Gains on equity investments held for less than 12 months are considered STCGs and taxed at 15%, while gains on equity investments held for over 12 months are treated as LTCGs and taxed at 10%. In addition, LTCGs on equity investments are tax-exempt for an amount of up to ₹1 lakh per financial year. So, by holding your equity positions for a long time, not only do you hedge against the risk of market volatility, but you also reduce the tax on your returns. 

  1. Invest your capital gains 

When you sell assets like property or even stocks, you can make significant capital gains if the selling price is much higher than the price at which you purchased the asset. To avoid paying capital gains tax in such cases, you should consider investing those gains in bonds classified as ‘capital gains bonds’. 

Under Section 54EC, you can invest your capital gains in certain specified bonds within six months of the date of the sale of the asset to save on LTCG tax. These bonds include bonds issued by the Rural Electrification Corporation Ltd, the Power Finance Corporation Ltd, and the Indian Railway Finance Corporation Ltd. The maximum amount you can invest in these bonds is ₹50 lakhs. 

  1. Check which expenses can be claimed 

The Income Tax Act not only provides tax deductions and exemptions for certain investment products but also for specific expenses that you might incur. For instance, you can claim deductions for the interest paid on education loans and home loans under Sections 80E and 80EE respectively. 

You can also claim deductions for donations to certain charitable organisations, medical expenses for specified diseases, medical expenditures for a disabled dependent, etc. Such deductions help lower your total taxable income and can help reduce your tax liability significantly.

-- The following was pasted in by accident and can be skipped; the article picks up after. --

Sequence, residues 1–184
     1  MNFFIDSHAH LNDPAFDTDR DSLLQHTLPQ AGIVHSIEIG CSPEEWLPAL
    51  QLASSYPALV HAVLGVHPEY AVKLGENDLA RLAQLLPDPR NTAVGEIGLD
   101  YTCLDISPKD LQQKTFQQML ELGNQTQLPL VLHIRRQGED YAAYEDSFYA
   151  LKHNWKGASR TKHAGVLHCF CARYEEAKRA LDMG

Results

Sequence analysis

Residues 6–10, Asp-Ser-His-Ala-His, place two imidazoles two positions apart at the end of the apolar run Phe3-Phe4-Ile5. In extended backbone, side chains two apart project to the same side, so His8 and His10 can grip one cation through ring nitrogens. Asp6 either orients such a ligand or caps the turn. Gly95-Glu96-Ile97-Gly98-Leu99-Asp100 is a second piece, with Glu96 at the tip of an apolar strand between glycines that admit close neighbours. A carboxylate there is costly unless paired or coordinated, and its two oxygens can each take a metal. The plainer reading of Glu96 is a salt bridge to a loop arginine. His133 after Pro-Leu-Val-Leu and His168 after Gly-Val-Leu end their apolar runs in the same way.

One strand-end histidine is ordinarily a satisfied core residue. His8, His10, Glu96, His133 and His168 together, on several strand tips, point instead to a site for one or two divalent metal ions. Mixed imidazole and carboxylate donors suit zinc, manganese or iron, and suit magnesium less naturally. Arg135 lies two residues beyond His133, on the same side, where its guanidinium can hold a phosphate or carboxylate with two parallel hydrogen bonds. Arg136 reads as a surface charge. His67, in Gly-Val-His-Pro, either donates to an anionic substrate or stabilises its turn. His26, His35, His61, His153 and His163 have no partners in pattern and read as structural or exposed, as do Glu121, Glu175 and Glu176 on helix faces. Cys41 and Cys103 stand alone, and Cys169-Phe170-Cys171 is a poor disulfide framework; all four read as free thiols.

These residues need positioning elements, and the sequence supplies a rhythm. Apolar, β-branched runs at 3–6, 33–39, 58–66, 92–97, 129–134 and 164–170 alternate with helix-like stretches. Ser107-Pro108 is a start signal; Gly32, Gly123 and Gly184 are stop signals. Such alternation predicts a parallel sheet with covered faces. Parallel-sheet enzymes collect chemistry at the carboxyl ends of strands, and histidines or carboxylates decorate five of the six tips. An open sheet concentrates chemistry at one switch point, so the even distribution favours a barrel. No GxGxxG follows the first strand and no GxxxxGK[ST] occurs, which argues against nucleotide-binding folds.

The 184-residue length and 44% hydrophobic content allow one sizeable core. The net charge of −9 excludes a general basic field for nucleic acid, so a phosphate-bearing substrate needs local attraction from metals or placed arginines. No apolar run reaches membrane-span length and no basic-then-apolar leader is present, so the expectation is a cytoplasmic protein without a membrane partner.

1. Invest in countries India has a DTAA with 

A well-diversified portfolio includes international exposure in accordance with your risk appetite and financial goals. Investing in the markets of a country with which India has a Double Taxation Avoidance Agreement (DTAA) can help you lower your tax burden. For instance, India has a DTAA with the US. As a result, if you’ve invested in American assets, you are not liable to pay taxes on your investment income and capital gains in both the US and India. Instead, you can claim tax credits when filing your ITR to prevent double taxation. 

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Make strategic investments for lower taxes

Investing is a powerful tool that helps you meet your various financial needs. From building wealth over the long term to minimising taxes on your income, strategic investments can allow you to benefit on several financial fronts. Depending on your income level, investment strategy, and the applicable tax laws, there might be several other things you can do to make the most of the deductions and exemptions provided for in the Income Tax Act. Hence, consider consulting a financial advisor to plan your investments more effectively.